About 20 miles from the school where 17 people were shot and killed last week, hundreds gathered in downtown Delray Beach Monday evening to hear the emotional pleas of children who survived the massacre — the latest in a wave of local protests calling for gun control.
As was the case with other recent protests, teenagers who lived through the shooting at Marjory Stoneman Douglas High School in Parkland commanded the conversation, calling on elected leaders to set aside partisanship and strengthen gun laws.
COVERAGE: Parkland school shooting
“Here’s what you can’t do at the age of 18: Rent a car, buy alcohol, adopt a child, run for president, or supervise a learner driver,” said Adam Alhanti, 17, a Douglas student who hid in a closet with dozens of classmates during the shooting. “But I’ll tell you what you can do: Purchase a weapon of war with barely any consideration of who you are or what you plan to use it for.”
The two- hour rally was held outside City Hall, just a block north of Atlantic Avenue. Delray Beach Mayor Cary Glickstein helped organizers cut through red tape and coordinate the demonstration in a busy area on short notice.
“People aren’t listening and I think it’s a big part of our job to give people forums and the opportunity to be heard,” said Glickstein, a Democrat.
The fallout of the Douglas shooting Wednesday, in which former student Nikolas Cruz, 19, opened fire indiscriminately with an AR-15 rifle into a freshman building before fleeing and later being taken into police custody, has propelled a movement among local teenagers. Some of the survivors coined the “#NeverAgain” movement on social media, with several now-viral posts.
Others have spoken at public rallies to advocate for gun reform in the hopes that the mantra “enough is enough” rings true.
“It’s hard to know whether that palpable anger and angst and call-to-action that I see in teenagers here is similar to what happened to other schools that eventually fades. I hope that’s not the case,” Glickstein said.
The trend has spread to area schools, with a high school in Broward County and another west of Boca Raton among sites of walk-out protests led by students.
Darren Levine, a teacher at Douglas High, said the students are “really propelling this movement. They can change the world.”
Some of the teenagers, fueled by support from the crowd, called out Florida politicians who have accepted donations from the National Rifle Association.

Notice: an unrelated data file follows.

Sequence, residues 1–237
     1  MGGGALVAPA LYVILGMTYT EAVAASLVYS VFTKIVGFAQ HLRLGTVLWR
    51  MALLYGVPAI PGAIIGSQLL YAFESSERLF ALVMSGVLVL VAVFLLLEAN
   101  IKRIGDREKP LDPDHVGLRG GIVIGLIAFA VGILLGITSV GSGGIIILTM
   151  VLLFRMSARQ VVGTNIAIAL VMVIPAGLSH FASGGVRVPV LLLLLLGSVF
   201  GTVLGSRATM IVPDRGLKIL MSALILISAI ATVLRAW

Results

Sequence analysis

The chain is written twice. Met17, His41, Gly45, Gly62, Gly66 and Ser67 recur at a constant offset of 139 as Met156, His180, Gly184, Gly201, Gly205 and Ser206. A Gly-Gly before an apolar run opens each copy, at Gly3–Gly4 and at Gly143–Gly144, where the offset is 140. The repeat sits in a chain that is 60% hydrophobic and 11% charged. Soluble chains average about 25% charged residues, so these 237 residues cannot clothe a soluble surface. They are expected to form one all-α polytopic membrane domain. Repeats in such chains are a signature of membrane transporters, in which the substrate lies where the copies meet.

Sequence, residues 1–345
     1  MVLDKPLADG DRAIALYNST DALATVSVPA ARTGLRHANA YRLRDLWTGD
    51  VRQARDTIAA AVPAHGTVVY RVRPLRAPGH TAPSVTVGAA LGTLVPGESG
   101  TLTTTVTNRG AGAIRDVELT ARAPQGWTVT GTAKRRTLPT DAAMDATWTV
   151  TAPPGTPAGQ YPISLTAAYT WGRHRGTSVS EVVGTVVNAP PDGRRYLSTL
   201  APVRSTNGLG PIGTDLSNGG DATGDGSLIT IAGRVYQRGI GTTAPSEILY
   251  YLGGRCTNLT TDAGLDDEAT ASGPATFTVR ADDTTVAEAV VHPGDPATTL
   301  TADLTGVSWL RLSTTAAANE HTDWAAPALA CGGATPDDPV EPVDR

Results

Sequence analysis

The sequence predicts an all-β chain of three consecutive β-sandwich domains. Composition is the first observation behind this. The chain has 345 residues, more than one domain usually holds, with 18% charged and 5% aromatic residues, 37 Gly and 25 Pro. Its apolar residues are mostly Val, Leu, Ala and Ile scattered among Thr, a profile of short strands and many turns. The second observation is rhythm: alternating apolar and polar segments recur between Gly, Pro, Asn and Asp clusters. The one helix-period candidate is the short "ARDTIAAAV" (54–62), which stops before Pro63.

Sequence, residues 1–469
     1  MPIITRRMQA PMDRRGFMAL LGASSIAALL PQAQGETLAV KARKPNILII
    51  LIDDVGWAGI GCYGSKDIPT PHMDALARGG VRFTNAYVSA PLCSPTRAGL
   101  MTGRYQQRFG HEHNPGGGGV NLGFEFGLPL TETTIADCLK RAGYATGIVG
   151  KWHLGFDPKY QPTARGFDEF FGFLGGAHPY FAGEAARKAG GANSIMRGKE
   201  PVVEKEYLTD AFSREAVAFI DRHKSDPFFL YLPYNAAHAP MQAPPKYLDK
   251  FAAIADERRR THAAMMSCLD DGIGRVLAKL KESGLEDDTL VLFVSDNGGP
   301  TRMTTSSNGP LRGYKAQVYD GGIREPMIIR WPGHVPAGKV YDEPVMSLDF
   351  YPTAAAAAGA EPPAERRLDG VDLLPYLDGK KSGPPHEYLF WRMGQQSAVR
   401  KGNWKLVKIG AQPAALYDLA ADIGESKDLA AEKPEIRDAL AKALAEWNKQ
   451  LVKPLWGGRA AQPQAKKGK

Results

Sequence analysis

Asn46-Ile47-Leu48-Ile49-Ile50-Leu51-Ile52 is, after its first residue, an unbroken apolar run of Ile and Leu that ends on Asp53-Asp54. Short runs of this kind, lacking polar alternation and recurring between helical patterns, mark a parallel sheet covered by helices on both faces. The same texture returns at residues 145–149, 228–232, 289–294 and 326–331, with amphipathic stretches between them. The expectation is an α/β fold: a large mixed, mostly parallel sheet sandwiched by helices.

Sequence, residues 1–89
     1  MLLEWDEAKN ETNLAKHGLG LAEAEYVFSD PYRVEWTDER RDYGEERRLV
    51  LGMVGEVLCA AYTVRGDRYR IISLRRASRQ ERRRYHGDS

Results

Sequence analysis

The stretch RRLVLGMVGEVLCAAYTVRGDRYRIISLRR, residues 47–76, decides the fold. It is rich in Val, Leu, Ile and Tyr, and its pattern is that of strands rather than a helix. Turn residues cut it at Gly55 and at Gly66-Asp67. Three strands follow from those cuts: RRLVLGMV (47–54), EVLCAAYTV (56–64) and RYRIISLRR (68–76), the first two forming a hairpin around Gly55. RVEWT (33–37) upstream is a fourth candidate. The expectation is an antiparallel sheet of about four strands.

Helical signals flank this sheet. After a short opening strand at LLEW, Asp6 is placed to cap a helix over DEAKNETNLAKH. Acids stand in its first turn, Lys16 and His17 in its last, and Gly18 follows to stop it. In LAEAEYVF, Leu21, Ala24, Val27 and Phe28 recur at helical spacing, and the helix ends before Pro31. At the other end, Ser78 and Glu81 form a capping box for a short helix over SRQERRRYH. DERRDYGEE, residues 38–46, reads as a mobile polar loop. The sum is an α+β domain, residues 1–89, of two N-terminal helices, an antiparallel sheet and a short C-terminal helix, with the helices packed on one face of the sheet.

“Are you for taking steps to save us or are you for taking NRA blood money?” said Cameron Kasky, a 17-year-old Douglas shooting survivor. The chant “‘Rubio has got to go” — referencing Republican Sen. Marco Rubio — was repeated throughout the evening.
Democratic elected officials — including U.S. Reps. Lois Frankel and Ted Deutch and Palm Beach County Commissioner Melissa McKinlay — spoke at the Delray Beach demonstration, echoing area youth in calling for Republican leaders to cooperate on comprehensive gun reform.
“I’ve heard some politicians say it’s too complicated to fix,” U.S. Rep. Lois Frankel said of gun-control legislation. “Are you kidding me?”
Both the elected leaders and student speakers called for universal background checks and limitations on access to assault rifles.
A point of frustration for many who attended the rally was the troubled shooter’s access to the AR-15-style, semi-automatic rifle used in the massacre. Cruz legally purchased the rifle a year ago from a Broward County gun dealer, law enforcement officials said.
Cruz was old enough to buy an assault rifle but not to buy a handgun. Federal gun law prohibits adults under 21 from buying handguns but allows purchases by those 18 and older of rifles and long guns as well as ammunition for them.
Diego Pfeiffer, a 17-year-old Douglas student, called on the gun debate to end and legislation to begin.
“Nobody is right. Nobody is wrong,” Pfeiffer said. “We just want to save children’s lives, people!”